LucasArts has always had the tendency to release games with the Jedi-swinging, blade thrusting label in a dark light. Boundlessly, players have been left desultory in showing any sort of concern to the general Star Wars direction in terms of video games. Countless accessories, a ton of spin-off, and many mediocre games after, LucasArts finally manages to make Star Wars: The Force Unleashed a game that doesn’t come up half awry. Any comic-con freak with a lightsaber under his belt will find consolation here, minus the slow slices of saber-burn trailing from the repetitive hack and slash combined with half witted mo-cap acting in a story presented so completely.
The prim compass of this latest Jedi action thriller comes to set between the stories of Episode III and IV, presenting something most people of the series always wanted to see. The sad part really comes from the fact that the story was based on something that wasn’t deemed important enough for the big screen. While the precept of having an original storyline come into a game from such a big name as Star Wars: The Force Unleashed itself, it lends itself to an inherent plague of automatically being downhearted. Coming through the fax machine, George Lucas sends his notes along for the writing team anxiously awaiting certain corrections from their own storyline. As anyone plays through Star Wars: The Force Unleashed, it’s ostensibly uneven to some extent. One minute the apprentice is stabbing Wookies, the next minute he’s crying with emotion. It’s just an example, but imagine a dozen of odd perforations across the board. While we applaud the effort, a more approachable storyline from some, even one person from the actual writing team from the films or countless of other decent novels would have made for a more interesting game.
The mechanics for the actual game itself are difficult at times. Star Wars: The Force Unleashed puts focus of bringing out the force to the maximum in players hands. You can pick up enemies, hurl them, and do whatever you can to them midair. The issue really turns into selective process. Your force powers only apply to certain things across the map and even though you can lift certain ships, you can’t lift an ARC-170. Something that would actually take some effort from the force and unleash it. We definitely need to say this: what the heck?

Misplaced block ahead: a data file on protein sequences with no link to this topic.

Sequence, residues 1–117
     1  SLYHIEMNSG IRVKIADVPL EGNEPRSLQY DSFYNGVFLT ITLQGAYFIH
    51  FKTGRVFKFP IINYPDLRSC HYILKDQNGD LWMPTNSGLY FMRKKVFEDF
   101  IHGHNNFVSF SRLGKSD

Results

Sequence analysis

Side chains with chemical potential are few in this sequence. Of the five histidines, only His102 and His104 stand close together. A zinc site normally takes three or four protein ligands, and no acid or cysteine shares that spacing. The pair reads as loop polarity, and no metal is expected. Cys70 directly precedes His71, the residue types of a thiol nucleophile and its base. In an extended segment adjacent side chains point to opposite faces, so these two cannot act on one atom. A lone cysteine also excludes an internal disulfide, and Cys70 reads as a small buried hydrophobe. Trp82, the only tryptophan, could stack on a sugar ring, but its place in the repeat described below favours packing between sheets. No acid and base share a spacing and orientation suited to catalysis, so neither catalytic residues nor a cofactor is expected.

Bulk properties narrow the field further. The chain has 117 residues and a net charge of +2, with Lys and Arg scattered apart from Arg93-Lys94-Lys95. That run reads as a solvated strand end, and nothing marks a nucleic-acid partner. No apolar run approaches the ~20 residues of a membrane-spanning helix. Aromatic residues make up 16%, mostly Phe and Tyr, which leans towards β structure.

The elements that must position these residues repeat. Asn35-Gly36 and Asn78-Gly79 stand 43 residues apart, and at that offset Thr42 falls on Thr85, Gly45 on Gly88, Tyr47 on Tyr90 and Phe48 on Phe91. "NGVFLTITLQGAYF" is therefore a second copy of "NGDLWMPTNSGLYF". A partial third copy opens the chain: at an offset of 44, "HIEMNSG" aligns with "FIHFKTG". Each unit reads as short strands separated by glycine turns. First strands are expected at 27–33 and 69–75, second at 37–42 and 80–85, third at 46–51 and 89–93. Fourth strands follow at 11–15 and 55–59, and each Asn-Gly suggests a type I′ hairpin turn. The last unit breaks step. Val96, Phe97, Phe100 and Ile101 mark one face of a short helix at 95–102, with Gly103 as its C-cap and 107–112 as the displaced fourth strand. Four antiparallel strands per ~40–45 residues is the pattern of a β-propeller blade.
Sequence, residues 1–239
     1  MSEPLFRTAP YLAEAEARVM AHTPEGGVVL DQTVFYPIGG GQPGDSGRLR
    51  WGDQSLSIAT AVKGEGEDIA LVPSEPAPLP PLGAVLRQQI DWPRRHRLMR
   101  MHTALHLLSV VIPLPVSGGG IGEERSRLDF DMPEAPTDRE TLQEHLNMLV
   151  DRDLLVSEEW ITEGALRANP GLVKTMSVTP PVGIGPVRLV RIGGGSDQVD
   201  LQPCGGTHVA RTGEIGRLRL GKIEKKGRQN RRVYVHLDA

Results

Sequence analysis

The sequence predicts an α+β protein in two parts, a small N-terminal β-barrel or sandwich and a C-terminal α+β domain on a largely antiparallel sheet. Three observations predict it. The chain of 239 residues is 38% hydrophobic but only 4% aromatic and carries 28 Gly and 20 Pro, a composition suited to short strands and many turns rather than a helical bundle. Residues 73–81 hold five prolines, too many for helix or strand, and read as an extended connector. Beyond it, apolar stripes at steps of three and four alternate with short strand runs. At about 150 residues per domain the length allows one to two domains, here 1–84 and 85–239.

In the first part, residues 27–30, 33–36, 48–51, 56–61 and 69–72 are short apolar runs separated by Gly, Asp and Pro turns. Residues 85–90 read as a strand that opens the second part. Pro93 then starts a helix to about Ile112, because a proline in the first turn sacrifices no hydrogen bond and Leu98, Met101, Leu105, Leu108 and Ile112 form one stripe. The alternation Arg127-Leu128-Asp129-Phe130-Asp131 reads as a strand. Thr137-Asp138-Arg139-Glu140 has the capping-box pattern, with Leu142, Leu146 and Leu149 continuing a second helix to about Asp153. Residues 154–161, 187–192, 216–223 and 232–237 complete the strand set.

One great thing anyone can admire about Star Wars: The Force Unleashed is just the sheer amount of technology within the game. Built upon two proprietary engines, Star Wars: The Force Unleashed takes Digital Molecular Matter and Euphoria into the realm of believable. While some of the assets aren’t as impressive when compared to the rest of the game, seeing rebel soldiers cling for their lives is just hilarious. This system isn’t perfect though. DMM is right on the spot, but Euphoria takes a hit. After enemies die and if they’re still held by the force in mid-air, all you ever see is them struggling. Once put down, their body is lifeless. Doesn’t make much sense that someone with a lightsaber just plunged fully into his heart would survive the outcome. Aside from this, the morbidness of the reality makes itself something worth seeing and paying money for up front. It just doesn’t get old.
Lame brains and mediocre manifestation aside, Star Wars: The Force Unleashed is an essential component to any Star Wars fans game database. We’re at least glad this isn’t another game in a series of long games LucasArts excreted in the past. We were all tired of squad commandeering in Squad Commando’s, we were sick of the foolish games that made us play machines in a huge war, with Jedi’s as a “weapon” choice. We were dead tired of the old single player and glitched online play that Star Wars Jedi Knight: Jedi Academy offered, at least having something to actually do with the main action in Star Wars. Now we arrive at Star Wars: The Force Unleashed and at least we’re not left totally disappointed. Runner up to many of our “Best of E3 Awards” WhatIfGaming Prizes, Star Wars: The Force Unleashed is something fresh, and new enough to be considered worth buying and playing for long hours at a time. A Star Wars game that actually makes use of something so long forgotten by LucasArts: the Jedi experience.